View Full Version : Coordinate transformation

11-27-2001, 10:27 PM
Hi there !!

First, hello to all the OpenGL-Coders !
Next, my problem: I wrote a small particle animation using 2D Textures. So, when I set my Viewpoint in front of the particles, I see them clearly. As I set the Viewpoint on Top, I can't see anything becouse these particles are only 2-dimensional. Has anybody an idea for rotating each particle to the coordinates of my eye-point like doing a coordinate transformation ? Please help me!!!

11-27-2001, 11:29 PM

Setting your viewpoint on top means you are rotatting your camera 90. You should try to glRotate all the particles the opposite angle, -90. Remember to put this rotation matrix at the end of your transformations.

- nemesis -

11-28-2001, 12:23 AM
Well, thanks.
But how is the Rotation of the PArticles done ? As I used glRotate, all the Scene was rotated, but not every single Particle. So, where is it to be done every single Particle is rotated ? For Info: I got a loop to draw the Particles by using Triangle Strips.

11-28-2001, 12:40 AM

you should do something like this:

for each particle
glTranslate the particle
glRotate the particle 90
draw the particle
end for

I think it should work.

- nemesis -

11-28-2001, 12:52 AM
Wow, it works. Its a little slow, but it works.

Thanks a lot !!

11-28-2001, 03:58 AM
hi, there is some calculation stuff for this problem in the internet too... here is it:

void buildRot(float theta, float x, float y, float z, float m[16]) {
float d = x*x + y*y + z*z;
float ct = cosf(theta * 3.141592654f / 180), st = sinf(theta * 3.141592654f / 180);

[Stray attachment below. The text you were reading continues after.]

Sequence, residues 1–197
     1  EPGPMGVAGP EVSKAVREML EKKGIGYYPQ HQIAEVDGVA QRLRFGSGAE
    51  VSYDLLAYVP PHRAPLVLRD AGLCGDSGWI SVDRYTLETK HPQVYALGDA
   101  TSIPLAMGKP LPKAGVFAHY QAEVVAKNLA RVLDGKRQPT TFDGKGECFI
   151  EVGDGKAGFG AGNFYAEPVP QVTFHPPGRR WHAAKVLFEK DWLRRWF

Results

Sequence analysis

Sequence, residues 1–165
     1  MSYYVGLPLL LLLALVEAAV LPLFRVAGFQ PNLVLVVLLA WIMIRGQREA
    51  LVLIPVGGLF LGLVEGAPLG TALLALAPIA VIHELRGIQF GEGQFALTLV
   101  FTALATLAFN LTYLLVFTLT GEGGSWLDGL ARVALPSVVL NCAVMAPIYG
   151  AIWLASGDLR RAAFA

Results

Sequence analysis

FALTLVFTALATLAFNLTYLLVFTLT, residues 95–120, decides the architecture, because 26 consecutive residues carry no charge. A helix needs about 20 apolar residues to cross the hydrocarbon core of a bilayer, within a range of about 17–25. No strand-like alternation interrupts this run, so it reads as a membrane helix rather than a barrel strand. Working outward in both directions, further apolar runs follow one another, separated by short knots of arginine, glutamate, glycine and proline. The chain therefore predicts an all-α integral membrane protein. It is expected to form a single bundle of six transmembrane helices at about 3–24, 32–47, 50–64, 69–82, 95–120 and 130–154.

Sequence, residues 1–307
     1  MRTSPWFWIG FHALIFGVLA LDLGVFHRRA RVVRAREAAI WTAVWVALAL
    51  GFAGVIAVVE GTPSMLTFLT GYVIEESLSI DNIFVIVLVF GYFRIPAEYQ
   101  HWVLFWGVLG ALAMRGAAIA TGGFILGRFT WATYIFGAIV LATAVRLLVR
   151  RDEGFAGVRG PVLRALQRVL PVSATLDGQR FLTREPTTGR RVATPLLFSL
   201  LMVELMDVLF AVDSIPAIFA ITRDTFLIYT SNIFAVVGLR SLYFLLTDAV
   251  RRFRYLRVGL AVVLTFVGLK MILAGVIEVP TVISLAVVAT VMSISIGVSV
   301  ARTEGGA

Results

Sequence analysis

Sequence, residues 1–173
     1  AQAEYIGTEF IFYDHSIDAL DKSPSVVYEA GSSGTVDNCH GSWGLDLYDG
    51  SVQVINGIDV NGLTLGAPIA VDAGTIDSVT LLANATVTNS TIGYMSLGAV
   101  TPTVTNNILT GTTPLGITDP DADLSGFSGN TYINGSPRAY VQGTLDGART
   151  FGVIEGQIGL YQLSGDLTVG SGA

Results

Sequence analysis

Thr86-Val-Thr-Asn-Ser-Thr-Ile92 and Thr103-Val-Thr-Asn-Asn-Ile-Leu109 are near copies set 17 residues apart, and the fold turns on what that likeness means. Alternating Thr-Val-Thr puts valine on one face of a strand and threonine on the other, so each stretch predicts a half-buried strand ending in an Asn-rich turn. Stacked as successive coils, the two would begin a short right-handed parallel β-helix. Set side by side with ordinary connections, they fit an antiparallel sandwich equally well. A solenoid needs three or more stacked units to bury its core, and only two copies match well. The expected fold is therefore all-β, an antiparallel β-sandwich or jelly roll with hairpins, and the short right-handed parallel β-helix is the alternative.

/* normalize */
if (d > 0)
d = 1/d;
x *= d;
y *= d;
z *= d;

m[ 0] = 1; m[ 1] = 0; m[ 2] = 0; m[ 3] = 0;
m[ 4] = 0; m[ 5] = 1; m[ 6] = 0; m[ 7] = 0;
m[ 8] = 0; m[ 9] = 0; m[10] = 1; m[11] = 0;
m[12] = 0; m[13] = 0; m[14] = 0; m[15] = 1;

/* R = uu' + cos(theta)*(I-uu') + sin(theta)*S
* S = 0 -z y u' = (x, y, z)
* z 0 -x
* -y x 0

m[0] = x*x + ct*(1-x*x) + st*0;
m[4] = x*y + ct*(0-x*y) + st*-z;
m[8] = x*z + ct*(0-x*z) + st*y;

m[1] = y*x + ct*(0-y*x) + st*z;
m[5] = y*y + ct*(1-y*y) + st*0;
m[9] = y*z + ct*(0-y*z) + st*-x;

m[2] = z*x + ct*(0-z*x) + st*-y;
m[6] = z*y + ct*(0-z*y) + st*x;
m[10]= z*z + ct*(1-z*z) + st*0;

/*2d object dreht sich in immer in eine richtung*/

static void CalcMatrix(void) {
float mat[16];

glGetFloatv(GL_MODELVIEW_MATRIX, mat);
buildRot(-180*atan2f(mat[8], mat[10])/3.141592654f, 0, 1, 0, mat);

dont know if it's faster... but i use it *ggg*

11-28-2001, 01:39 PM
If you get the current modelview matrix by calling
glGetFloatv(GL_MODELVIEW_MATRIX, your_array_to_hold_matrix_info);

and then build right and up vectors from this matrix, then render your particles as triangle strips using the point they exist at and then adding/subtracting (depending on the vertex) the right and up vectors you will obtain a tri strip that faces the camera (under all circumstances).

I think Nate Miller's programming page is where I found this technique, you could try looking there for more info.


11-28-2001, 10:17 PM
Thanks Mezz for your Posting ,
but sorry Im a raw newbie on OpenGL. COuld you please explain me how to do this by posting Code or something like that ?

11-28-2001, 11:51 PM
Hi again!

about how to speed up your program...
If you don't usually move the camera, I mean, if you are not moving around all the time, it might be better to really rotate your particle geometry (I supose you only have one particle model, do you?) every time you move the camera before start rendering. This way, you can avoid the glRotate command in the loop.
I think you could use the code posted by Mofux, or something similar, to build your own rotation matrix.
I don't know if it will be useful in your case.

- nemesis -

[This message has been edited by nemesis (edited 11-29-2001).]

11-29-2001, 03:08 AM
Thanks Mezz for your Posting ,
but sorry Im a raw newbie on OpenGL. COuld you please explain me how to do this by posting Code or something like that ?